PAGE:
Predicting Academic Performance with an Assessment of Students’ Knowledge of the Benefits of High-Level and Low-Level Construal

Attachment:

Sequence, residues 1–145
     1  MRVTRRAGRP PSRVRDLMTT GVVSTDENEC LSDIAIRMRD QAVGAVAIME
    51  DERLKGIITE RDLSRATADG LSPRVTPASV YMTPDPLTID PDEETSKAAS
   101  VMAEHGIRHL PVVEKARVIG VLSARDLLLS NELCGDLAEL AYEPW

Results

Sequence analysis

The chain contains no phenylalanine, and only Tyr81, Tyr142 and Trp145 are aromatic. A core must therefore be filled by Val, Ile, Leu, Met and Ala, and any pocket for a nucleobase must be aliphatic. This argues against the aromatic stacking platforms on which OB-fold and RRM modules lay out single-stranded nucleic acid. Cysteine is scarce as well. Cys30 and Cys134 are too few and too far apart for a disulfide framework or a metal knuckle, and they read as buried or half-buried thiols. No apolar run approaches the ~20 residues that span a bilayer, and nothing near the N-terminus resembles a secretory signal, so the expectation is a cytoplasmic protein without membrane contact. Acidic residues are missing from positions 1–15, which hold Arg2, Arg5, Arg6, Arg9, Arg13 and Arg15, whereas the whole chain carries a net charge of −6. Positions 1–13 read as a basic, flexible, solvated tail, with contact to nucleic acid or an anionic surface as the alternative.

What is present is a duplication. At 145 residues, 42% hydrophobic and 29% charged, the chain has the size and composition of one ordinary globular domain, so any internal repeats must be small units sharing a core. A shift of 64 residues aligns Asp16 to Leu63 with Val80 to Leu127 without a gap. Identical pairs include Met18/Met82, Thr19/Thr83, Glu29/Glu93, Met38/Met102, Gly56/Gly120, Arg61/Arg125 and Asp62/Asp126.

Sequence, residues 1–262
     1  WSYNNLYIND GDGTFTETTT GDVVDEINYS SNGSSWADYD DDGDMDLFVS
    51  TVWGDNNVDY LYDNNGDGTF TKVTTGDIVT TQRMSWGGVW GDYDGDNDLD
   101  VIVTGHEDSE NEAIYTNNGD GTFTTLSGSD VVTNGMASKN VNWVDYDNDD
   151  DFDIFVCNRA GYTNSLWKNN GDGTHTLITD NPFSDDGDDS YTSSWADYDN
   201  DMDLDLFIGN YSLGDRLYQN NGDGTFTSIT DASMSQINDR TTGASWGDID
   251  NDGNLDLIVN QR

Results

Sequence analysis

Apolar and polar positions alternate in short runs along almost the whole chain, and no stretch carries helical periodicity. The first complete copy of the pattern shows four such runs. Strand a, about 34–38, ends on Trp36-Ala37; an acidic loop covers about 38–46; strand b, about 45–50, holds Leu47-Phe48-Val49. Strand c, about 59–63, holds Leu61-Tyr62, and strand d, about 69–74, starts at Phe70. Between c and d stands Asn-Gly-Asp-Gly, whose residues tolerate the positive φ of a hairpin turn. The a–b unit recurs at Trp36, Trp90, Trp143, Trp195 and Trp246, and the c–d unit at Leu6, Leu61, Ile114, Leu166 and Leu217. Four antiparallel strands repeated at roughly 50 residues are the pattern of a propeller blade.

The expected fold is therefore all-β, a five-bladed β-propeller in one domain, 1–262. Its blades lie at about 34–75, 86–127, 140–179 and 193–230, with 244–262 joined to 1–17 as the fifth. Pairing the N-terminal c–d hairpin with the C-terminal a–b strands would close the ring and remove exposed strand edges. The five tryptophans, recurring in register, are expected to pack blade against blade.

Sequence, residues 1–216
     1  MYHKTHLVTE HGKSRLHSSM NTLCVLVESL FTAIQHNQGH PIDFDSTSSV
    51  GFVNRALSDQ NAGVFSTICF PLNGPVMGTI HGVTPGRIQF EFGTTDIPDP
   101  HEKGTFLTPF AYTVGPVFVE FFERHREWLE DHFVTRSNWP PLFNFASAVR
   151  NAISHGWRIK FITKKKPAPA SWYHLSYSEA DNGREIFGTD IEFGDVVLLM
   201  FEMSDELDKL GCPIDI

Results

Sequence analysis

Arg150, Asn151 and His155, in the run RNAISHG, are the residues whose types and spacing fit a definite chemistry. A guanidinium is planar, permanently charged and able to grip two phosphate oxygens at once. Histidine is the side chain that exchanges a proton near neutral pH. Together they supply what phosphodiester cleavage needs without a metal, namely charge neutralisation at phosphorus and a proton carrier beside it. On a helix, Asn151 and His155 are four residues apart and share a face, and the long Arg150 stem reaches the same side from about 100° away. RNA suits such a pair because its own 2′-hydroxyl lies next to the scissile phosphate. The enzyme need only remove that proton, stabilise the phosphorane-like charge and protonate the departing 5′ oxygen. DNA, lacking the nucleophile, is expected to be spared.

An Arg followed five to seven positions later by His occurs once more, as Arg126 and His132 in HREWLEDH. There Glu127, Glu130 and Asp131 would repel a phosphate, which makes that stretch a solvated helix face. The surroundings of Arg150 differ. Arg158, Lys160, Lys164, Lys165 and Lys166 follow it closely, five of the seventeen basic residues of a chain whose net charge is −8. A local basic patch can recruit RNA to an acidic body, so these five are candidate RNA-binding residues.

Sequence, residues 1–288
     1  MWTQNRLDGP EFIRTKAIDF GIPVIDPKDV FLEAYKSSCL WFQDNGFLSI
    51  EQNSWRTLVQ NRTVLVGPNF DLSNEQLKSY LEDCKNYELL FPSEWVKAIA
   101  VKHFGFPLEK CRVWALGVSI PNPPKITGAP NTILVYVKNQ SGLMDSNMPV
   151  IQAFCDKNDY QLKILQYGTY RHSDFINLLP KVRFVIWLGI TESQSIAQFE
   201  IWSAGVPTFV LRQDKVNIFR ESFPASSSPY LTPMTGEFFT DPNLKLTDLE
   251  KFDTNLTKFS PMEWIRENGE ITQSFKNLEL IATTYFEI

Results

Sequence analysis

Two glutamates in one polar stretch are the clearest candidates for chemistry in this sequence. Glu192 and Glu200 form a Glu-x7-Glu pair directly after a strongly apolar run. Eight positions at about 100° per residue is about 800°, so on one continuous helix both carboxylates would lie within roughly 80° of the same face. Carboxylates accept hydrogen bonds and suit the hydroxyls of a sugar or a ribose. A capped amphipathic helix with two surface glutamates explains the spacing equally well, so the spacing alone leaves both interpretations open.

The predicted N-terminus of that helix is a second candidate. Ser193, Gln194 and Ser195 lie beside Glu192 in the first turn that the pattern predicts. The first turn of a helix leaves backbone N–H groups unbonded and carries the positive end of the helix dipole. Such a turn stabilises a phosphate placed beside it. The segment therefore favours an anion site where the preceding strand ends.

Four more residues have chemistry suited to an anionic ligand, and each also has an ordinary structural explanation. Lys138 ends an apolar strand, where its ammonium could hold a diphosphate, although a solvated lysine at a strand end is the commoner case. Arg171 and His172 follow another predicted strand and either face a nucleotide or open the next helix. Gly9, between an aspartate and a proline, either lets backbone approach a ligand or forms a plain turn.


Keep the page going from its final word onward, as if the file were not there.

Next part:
Metamotivation research suggests that people understand the benefits of engaging in high-level versus low-level construal (i.e., orienting toward the abstract, essential versus concrete, idiosyncratic features of events) in goal-directed behavior. The current research examines the psychometric properties of one assessment of this knowledge and tests whether it predicts consequential outcomes (academic performance). Exploratory and confirmatory factor analyses revealed a two-factor structure, whereby knowledge of the benefits of high-level construal (i.e., high-level knowledge) and low-level construal (i.e., low-level knowledge) were distinct constructs. Participants on average evidenced beliefs about the normative benefits of high-level and low-level knowledge that accord with published research. Critically, individual differences in high-level and low-level knowledge independently predicted grades, controlling for traditional correlates of grades. These findings suggest metamotivational knowledge may be a key antecedent to goal success and lead to novel diagnostic assessments and interventions.